Reed’s daughter and office manager, Jolene (who often goes by Jojo), is also an avid outdoors woman who manages to find time for hiking and camping with her husband, Casey, and daughters Bailey and Amelia.
Tim himself finds time for golf, gardening and traveling the country with his wife, Nona, for rock concerts. But perhaps his favorite hobby is being a grandfather. As we chat at his ranch, he interrupts himself frequently to pat one of the dogs, ask one of the kids for their input on a question, or to laugh at one of his granddaughters.
“Grandpa, I made a puddle!” the little one says, holding a hose.
“Oh, that’s great!” Grandpa replies enthusiastically. He’s in his element.
But he’s quick to get back to business. The majority of what Ventura Roofing has done in the past decade – about 80 percent, Reed estimates – has been residential roofing, re-roofing, and repairs. The rest comes from commercial or business properties. And of that 20 percent, many are highly recognizable buildings. Tim and Kacy trade off listing some recent high-profile jobs: Topa Mountain Winery, Sine Qua Non Winery near Lake Casitas, Paradise Artists, Kirby Kia, Meiners Oaks Ace Hardware, the Beatrice Wood Center, The Oaks at Ojai, Ojai Lumber — “Stuff people drive by every day!” Reed says.
In the coming weeks, you may see people working on the Ojai Playhouse downtown. That’ll be the Ventura Roofing crew, too.
Local ties have been a valuable networking tool for Reed. “I’ve worked for people who remember me from Montalvo Elementary,” he says. The Reeds also benefit from having lived in the Ojai Valley for a long time, getting work and referrals from folks who grew up with Nona, or who played sports with one of the kids.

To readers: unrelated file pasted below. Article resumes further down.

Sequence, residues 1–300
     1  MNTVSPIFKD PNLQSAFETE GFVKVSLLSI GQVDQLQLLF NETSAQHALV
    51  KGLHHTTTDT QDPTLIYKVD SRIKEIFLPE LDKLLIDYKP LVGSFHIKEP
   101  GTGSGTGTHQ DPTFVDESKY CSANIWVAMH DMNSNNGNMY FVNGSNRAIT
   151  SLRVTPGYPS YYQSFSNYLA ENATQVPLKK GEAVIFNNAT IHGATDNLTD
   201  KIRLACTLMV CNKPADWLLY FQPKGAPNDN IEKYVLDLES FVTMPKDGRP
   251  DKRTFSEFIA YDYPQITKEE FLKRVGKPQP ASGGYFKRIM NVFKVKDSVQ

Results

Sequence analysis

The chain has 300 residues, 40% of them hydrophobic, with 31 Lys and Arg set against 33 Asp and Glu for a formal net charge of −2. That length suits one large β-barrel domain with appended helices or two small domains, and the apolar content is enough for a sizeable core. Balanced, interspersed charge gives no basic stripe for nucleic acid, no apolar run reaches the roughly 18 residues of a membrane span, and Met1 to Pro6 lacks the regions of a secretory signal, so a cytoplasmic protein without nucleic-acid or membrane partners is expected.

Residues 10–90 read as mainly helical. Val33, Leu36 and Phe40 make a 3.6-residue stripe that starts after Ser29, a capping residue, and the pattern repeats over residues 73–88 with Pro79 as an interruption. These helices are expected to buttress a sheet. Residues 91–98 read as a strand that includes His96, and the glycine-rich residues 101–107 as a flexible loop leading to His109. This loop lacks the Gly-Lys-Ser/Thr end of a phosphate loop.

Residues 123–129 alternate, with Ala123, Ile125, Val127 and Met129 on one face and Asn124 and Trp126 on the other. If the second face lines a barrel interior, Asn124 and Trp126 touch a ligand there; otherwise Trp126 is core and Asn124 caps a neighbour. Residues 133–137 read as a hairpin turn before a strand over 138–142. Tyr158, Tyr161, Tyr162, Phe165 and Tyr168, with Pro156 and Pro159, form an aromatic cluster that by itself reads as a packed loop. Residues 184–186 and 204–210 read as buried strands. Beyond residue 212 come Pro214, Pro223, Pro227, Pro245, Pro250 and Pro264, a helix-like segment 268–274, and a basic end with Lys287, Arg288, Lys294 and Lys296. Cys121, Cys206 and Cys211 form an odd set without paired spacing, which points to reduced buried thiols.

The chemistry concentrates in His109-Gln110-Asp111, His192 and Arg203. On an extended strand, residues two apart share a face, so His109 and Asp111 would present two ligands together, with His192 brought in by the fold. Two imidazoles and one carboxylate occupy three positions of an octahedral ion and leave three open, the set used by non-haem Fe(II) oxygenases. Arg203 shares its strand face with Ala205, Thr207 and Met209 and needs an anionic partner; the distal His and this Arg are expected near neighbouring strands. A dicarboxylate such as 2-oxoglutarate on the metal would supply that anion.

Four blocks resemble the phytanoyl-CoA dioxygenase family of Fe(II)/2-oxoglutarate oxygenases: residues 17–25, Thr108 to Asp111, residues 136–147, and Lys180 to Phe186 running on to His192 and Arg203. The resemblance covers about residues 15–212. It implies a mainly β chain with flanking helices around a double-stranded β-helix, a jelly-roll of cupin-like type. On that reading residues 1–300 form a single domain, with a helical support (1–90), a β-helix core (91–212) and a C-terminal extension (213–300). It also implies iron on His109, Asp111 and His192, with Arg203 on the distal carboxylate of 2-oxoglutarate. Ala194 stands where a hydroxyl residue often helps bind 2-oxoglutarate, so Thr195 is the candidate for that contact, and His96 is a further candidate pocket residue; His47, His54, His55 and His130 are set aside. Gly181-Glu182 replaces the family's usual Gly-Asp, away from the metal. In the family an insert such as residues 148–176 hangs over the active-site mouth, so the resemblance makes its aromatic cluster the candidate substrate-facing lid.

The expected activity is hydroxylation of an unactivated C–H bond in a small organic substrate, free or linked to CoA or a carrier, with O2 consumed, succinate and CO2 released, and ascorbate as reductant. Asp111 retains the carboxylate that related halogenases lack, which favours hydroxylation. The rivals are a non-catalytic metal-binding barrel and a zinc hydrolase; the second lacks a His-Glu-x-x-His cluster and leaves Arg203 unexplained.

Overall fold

Photo by Misty Hall
Kacy Reed sits behind the same desk used by both his father and grandfather.
But in the end, Reed says, Ventura Roofing’s success comes down to the quality of its work. Keep in mind, his bids are rarely the lowest of the bunch — he readily admits this — but his know-how is key. “There’s no substitute for experience. I’ve seen it, I can handle it,” he says. Tim tells the story of a neighbor who put on a new roof with high-quality shingles, but because the workers didn’t do the job properly, the warranty was void.
“A new roof is a big investment,” Jojo notes. “And you’re usually one of the higher bids.”
“And I’m not afraid to say that,” Tim interjects.
“But he’s also been doing this for a long time,” Jojo goes on to explain. “You pay your guys well, you take good care of them, you take good care of your customers, you guarantee your work.”